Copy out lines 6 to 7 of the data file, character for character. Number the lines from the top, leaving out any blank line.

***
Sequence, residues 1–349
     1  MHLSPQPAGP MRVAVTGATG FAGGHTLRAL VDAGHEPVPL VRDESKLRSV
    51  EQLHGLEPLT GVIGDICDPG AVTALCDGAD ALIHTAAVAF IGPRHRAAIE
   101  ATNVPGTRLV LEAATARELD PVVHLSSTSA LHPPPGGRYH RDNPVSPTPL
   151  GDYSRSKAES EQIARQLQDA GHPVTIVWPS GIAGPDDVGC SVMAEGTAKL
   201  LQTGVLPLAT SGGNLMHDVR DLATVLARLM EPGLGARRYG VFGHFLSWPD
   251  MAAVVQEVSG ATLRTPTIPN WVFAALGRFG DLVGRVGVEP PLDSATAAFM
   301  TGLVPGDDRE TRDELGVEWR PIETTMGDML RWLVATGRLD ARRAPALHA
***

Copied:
   201  LQTGVLPLAT SGGNLMHDVR DLATVLARLM EPGLGARRYG VFGHFLSWPD
   251  MAAVVQEVSG ATLRTPTIPN WVFAALGRFG DLVGRVGVEP PLDSATAAFM